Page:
Once, when my wife and I were returning to the U.S. after a visit to her home country of Peru, we were detained by Immigration and Customs Enforcement in the airport. They never told us why. As far as we could tell, the man who reviewed her passport on entering looked at the wrong page and saw the wrong visa and registered the wrong validity dates. He must have pressed some hidden button while we stood there unsuspecting, all the while talking soothingly to us before uniformed agents came to collect us and take us to the detention room. My wife was seven months pregnant, so it wasn’t long before she needed to use the bathroom, which turned out to be a stark metal stool with no removable parts that might be re-purposed as a weapon.
I’m remembering our time in the airport detention center today in light of President Trump’s precipitous ban on people traveling from certain Muslim-majority nations, including people already bearing “green cards.” My wife had a green card. I’m thinking about our experience, seated in that room, surrounded by that micro-mosaic of humanity from every continent, wondering when the officers would tell us what the problem with her papers was.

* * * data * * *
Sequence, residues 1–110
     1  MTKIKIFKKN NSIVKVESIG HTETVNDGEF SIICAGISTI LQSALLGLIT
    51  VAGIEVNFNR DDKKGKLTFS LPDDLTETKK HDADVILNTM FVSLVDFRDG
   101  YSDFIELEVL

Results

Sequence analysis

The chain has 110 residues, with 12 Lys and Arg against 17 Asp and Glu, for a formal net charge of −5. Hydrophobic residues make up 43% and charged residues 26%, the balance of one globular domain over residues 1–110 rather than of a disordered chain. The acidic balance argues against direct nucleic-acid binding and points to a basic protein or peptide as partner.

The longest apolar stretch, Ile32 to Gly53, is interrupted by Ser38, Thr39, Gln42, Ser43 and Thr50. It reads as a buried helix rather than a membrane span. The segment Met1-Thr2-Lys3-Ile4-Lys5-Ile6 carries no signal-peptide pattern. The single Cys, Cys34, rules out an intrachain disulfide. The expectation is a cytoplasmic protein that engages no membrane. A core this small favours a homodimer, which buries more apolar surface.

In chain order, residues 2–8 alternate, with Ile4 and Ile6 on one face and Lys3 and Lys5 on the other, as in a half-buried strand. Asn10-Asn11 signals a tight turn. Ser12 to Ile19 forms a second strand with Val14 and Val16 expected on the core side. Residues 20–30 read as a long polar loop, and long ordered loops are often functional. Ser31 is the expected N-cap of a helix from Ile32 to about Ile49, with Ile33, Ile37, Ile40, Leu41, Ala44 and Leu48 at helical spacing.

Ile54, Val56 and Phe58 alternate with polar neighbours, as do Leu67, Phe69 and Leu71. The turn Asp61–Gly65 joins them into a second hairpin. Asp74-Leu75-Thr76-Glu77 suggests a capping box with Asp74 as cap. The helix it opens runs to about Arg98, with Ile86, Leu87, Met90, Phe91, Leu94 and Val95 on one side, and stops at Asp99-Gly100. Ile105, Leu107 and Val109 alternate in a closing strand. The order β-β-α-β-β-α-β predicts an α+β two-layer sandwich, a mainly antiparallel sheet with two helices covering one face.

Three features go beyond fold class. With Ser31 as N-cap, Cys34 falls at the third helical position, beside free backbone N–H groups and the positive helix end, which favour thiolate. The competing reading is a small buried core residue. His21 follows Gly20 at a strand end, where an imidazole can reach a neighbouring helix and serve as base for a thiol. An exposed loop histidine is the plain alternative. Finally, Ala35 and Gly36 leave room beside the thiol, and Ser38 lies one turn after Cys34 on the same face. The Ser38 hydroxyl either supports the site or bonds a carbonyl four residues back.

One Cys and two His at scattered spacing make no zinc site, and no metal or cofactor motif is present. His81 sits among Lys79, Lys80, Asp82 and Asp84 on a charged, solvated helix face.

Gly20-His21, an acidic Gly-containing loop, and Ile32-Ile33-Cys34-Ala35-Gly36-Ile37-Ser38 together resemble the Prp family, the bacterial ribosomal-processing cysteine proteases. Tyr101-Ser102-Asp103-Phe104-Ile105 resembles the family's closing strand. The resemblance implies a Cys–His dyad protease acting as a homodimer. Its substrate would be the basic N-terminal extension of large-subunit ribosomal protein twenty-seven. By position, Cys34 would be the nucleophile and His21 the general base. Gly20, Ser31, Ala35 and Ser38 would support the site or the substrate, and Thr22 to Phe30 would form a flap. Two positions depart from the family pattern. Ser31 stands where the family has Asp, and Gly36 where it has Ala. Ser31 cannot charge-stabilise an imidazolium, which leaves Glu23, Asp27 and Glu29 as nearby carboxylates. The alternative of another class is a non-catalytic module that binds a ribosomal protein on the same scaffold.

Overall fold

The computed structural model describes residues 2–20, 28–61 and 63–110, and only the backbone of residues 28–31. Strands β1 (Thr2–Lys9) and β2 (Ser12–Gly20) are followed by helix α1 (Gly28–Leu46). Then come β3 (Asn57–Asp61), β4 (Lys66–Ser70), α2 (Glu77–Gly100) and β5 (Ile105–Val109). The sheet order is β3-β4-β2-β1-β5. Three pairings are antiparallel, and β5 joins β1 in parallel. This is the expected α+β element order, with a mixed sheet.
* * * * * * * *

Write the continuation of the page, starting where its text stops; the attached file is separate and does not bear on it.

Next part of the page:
I’m having a hard time following the rationale of President Trump’s actions. It feels ill-conceived, off-the-cuff. It feels shameful, a betrayal of people who put their lives on the line to act as translators for the U.S. military operation in Iraq, but also of regular folks who have followed the rules and gone through the processes and are now stuck far from their families holding papers issued by a government that suddenly isn’t playing by its own rules.
My wife and I were no refugees in that immigration holding room. Far from it. After waiting around for a while, we said a prayer, and I approached the officer at the desk. I politely asked for an explanation. “There’s nothing I can do,” he said. “The system’s down.”
“We’re going to miss our flight,” I responded. “You know there’s nothing wrong with her papers.”
“The system’s down.”
“We’re going to miss our flight,” I repeated.
And then something strange happened. The officer looked at me. He looked at my wife’s passport. And he stamped it three times hard and said, “Here. Go. Just go.”
And we did, catching our flight home where we collapsed in relief.
If only those unjustly detained could do the same. We say a prayer tonight.